Even if he sometimes gets a bad case of pretence and the porno caps.

HamGravy—despite ellipses, technical imperfection and overwrought introspection—is like Chuckfinley with more foal rape and higher-wrought drama. The scenes and coincidences so on are impeccably crafted and intertwined with the magical bits, and while in doing so they gain a certain character of artificiality it remains, first and foremost, a marvel of characterisation and it stays that way. The characters themselves genuinely continue to feel less like moustache-twirling fucksticks than they do actual, damaged people with serious problems, even despite their somewhat cartoonish villainy.

Except for Fancy Pants.

Fuck Fancy.

Fiddlebottoms, despite all the base nihilism, is generally very good; his stories are basically both thoughtful and fun, things that one rarely finds combined in fanfiction. There’s no real connection to reality beyond the point that it can be lampshaded, but that only underscores the surrealist, metafictional brilliance of his work.

There’s also gore and stuff but you don’t need to hear about that.

One Terrible Writer is just funny as hell.

Huh. I guess the list’s sorted by realism now.

Anyway, the best fanfic I’ve ever read is Patchwork Poltergeist’s Somewhere Only We Know; I say this because even now just thinking of the title is almost enough to bring tears to my eyes, and if a story can give me PTSD then I’ll be damned if it isn’t a really good story.

TheOnly’s My Little Stashie, not to be confused with the awful My Little Dashie, is as profoundly touching as it is hilarious.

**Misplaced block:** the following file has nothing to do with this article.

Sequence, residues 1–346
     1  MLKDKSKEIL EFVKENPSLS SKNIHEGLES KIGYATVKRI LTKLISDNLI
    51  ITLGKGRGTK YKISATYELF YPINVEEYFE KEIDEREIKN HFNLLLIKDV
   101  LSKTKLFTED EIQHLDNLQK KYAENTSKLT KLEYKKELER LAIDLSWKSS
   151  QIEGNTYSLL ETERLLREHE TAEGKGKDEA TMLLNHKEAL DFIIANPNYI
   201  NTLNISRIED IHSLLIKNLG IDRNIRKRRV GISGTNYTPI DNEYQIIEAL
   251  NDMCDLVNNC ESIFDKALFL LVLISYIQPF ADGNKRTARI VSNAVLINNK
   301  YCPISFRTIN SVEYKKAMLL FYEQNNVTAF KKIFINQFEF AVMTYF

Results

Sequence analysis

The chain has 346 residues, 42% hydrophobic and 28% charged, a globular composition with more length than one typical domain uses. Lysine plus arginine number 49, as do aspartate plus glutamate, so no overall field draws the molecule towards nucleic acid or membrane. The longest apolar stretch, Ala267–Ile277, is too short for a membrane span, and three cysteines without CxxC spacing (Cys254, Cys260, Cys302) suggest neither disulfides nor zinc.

Sorcanon’s Thousand Son in Equestria, though occasionally nonsensical and titled such that pedants like Vargras would whinge about the ordinal laying unused if it were ever to end up on FIMFiction, is a startling example of the greentext medium’s capability to express emotional and physical complexity; it is easily to greentext what Chaucer was to English, and just like Canterbury Tales I still don’t know what on earth happened to the most important characters.

Chaos Mark Crusaders...


As to non-pone, my memory constrains me further:

George Orwell’s fundamental humanity, in spite of his surface cynicism, is really quite inspiring; his depiction of the execution of a man in Burma is so beautifully horrid and so full of genuine emotion and so devoid of false sentimentality that it invokes the human soul without bowing to its excesses.

While I cannot say I greatly like most of Jennifer Diane Reitz’s writing, (I’ve read hardly anything by her under her current penname Chatoyance and I think doing so will ruin my already fractured opinion of her so her name will suffice) she’s had a very profound impact on my worldview, to the extent that I’m still terrified of the vagina’s inner workings.

Bill Watterson, on the other hand, literally made me literate. Can’t argue with that.

My favourite work of fiction is Vladimir Nabokov’s Lolita, which is a goddamned artistic triumph in every way. I can’t say I fell ‘victim’ to the monster Humbert’s deceptions like anyone else—either I’m a sociopath or all Anglophones are closet paedophiles or both (not to insult paedophiles, of course, by comparing them to the kind of person that watches Toddlers and Tiaras)—but as it stands the thing really has to be read to be believed.

As a side-note, it’s actually why I’ll never read anything by Pen Stroke; between Nabokov’s open lampshading of bad writers’ lack of intricate characterisation for one-off characters and Pen Stroke’s public disparagement of intricate characterisation for the very same sort of character, I must say that I trust Nabokov more.

My favourite book is almost certainly Robert Fisk’s The Great War for Civilisation: the Conquest of the Middle East; it’s essentially rageporn, but it’s a deeply concerning kind of rageporn that, after the initial disgust has faded, makes you hate every organisation in the Middle East while retaining the fundamentally human quality of the people within it; in doing so, it cunningly quells the genocidal impulse as it inspires it.